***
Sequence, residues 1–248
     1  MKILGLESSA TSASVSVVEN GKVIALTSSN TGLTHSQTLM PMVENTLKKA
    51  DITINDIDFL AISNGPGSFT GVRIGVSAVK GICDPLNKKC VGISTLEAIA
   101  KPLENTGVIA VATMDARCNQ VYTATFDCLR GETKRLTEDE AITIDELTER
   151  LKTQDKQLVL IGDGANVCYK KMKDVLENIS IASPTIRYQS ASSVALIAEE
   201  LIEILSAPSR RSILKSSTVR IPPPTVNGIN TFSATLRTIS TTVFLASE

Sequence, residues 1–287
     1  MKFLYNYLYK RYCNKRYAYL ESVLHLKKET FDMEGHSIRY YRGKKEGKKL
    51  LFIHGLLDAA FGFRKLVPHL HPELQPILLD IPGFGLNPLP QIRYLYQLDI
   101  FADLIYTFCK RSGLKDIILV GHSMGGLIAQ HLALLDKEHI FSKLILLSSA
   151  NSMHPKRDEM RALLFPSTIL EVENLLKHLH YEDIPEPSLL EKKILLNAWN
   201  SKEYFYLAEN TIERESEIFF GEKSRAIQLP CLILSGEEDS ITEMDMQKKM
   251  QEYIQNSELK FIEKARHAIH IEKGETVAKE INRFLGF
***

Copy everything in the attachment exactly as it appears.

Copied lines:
Sequence, residues 1–248
     1  MKILGLESSA TSASVSVVEN GKVIALTSSN TGLTHSQTLM PMVENTLKKA
    51  DITINDIDFL AISNGPGSFT GVRIGVSAVK GICDPLNKKC VGISTLEAIA
   101  KPLENTGVIA VATMDARCNQ VYTATFDCLR GETKRLTEDE AITIDELTER
   151  LKTQDKQLVL IGDGANVCYK KMKDVLENIS IASPTIRYQS ASSVALIAEE
   201  LIEILSAPSR RSILKSSTVR IPPPTVNGIN TFSATLRTIS TTVFLASE

Sequence, residues 1–287
     1  MKFLYNYLYK RYCNKRYAYL ESVLHLKKET FDMEGHSIRY YRGKKEGKKL
    51  LFIHGLLDAA FGFRKLVPHL HPELQPILLD IPGFGLNPLP QIRYLYQLDI
   101  FADLIYTFCK RSGLKDIILV GHSMGGLIAQ HLALLDKEHI FSKLILLSSA
   151  NSMHPKRDEM RALLFPSTIL EVENLLKHLH YEDIPEPSLL EKKILLNAWN
   201  SKEYFYLAEN TIERESEIFF GEKSRAIQLP CLILSGEEDS ITEMDMQKKM
   251  QEYIQNSELK FIEKARHAIH IEKGETVAKE INRFLGF